Baciai, per aver vita (SSATB)
The only five-voice madrigal in Gastoldi’s Quarto Libro whose text is not drawn from Guarini’s Il Pastor Fido, although the poem is generally attributed to Guarini. See also the settings by Aleotti, Capilupi and PF Guerini.
Arda pur sempre o mora (SATTB)
From Il Pastor Fido III/vi, part of a lengthy exchange between Mirtillo, who remains steadfast in his commitment to Amarilli despite her rejection of him, and Corisca, who hopes to profit from the situation and insinuate herself into Mirtillo’s arms.
Cieco, Amor, non ti cred' io (prima parte of 4) (SATTB)
A delightful suite of four madrigals whose texts are taken from a scene in Il Pastor Fido (III/ii) in which Amarilli and her companions play a gioco della cieca, or game of blind man’s buff. The transcription offered here attempts to re-create the original dance rhythms, although the reconstruction is admittedly speculative. (A version transposed down a whole step is also available.)
Ma tu pur perfido e cieco (seconda parte) (SATTB)
Sciolto cor fa piè fugace (terza parte) (SATTB)
Mira nume trionfante (quarta parte) (SATTB)
Dimmi, misero amante (SATTB)
Corisca’s riposte (Il Pastor Fido, III/vi) to Mirtillo’s profession of his steadfast commitment to Amarilli (see also the setting of “Arda pur sempre o mora”).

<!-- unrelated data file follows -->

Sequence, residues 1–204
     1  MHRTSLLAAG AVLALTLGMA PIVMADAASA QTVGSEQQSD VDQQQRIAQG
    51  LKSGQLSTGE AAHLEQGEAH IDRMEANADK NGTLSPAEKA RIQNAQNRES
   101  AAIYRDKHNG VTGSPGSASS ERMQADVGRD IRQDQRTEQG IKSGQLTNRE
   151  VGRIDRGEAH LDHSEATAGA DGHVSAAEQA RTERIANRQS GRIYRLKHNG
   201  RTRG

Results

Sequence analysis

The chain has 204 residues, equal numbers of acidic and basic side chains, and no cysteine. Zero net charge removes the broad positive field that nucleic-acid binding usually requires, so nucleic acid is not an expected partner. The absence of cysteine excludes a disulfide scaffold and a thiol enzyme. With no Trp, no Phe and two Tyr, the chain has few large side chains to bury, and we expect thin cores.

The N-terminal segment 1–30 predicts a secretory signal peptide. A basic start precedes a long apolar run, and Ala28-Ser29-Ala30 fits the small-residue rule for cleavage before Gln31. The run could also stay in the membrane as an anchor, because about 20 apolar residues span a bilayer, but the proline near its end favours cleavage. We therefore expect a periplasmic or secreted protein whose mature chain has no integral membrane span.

O sfortunato e misero Mirtillo (SATTB)
Mirtillo is devastated by the news that his beloved Amarilli is betrothed, and soon to be married, to Silvio (Pastor Fido, I/ii).
Come assetato infermo (SATTB)
Prompted by Corisca, Mirtillo offers a bleak and despairing description of his state of mind following what he believes to be his final parting from Amarilli (Pastor Fido, III/vi). See the setting of “Tanto è possente amore” for Corisca’s reply.
Come in vago giardin (prima parte of 4) (SSATB)
A charming extended setting of lines spoken by Titiro, father of Amarilli, to Montano, father of Silvio and chief priest of Arcadia, as the two ponder the fateful but enigmatic pronouncement of the Oracle (Il Pastor Fido, I/iv). A version transposed down a fourth is also available.
Ma s'allor non si coglie (seconda parte) (SSATB)
Così la verginella (terza parte) (SSATB)
E se vergogna il cela (quarta parte) (SSATB)
Tu se' pur aspro a chi t'adora, Silvio (SSATB)
Dorinda’s rebuke to Silvio (Il Pastor Fido, II/ii), whose only passion is for the hunt and the companionship of his dog. Compare Marco da Gagliano's exactly contemporaneous setting of the same text.
Ciechi mortali, voi che tanta sete (SATTB)
A setting of lines spoken by the Chorus at the end of Act II of Il Pastor Fido. According to Guarini’s own commentary, the text represents a “moral digression against those who have become enamored of earthly things, and particularly riches,” and thus have lost the capacity for true love.
Tanto è possente amore (SSATB)
A setting of lines spoken by Corisca to Mirtillo (Il Pastor Fido, III/vi), in response to his “Come assetato infermo” (q.v.).
Vaghe ninfe amorosette (prima parte of 3) (SSAT-T-SATB)
A rare madrigal for nine voices, and perhaps unique case of a piece with a “rogue tenor,” that provides ribald commentary on the dialog between the two four-part choruses.
Il cor v'abbiamo offerto (seconda parte) (SSAT-T-SATB)
Vèr noi volgete omai (terza parte) (SSAT-T-SATB)
Introduction and Commentary
The text is downloadable from the Translation column.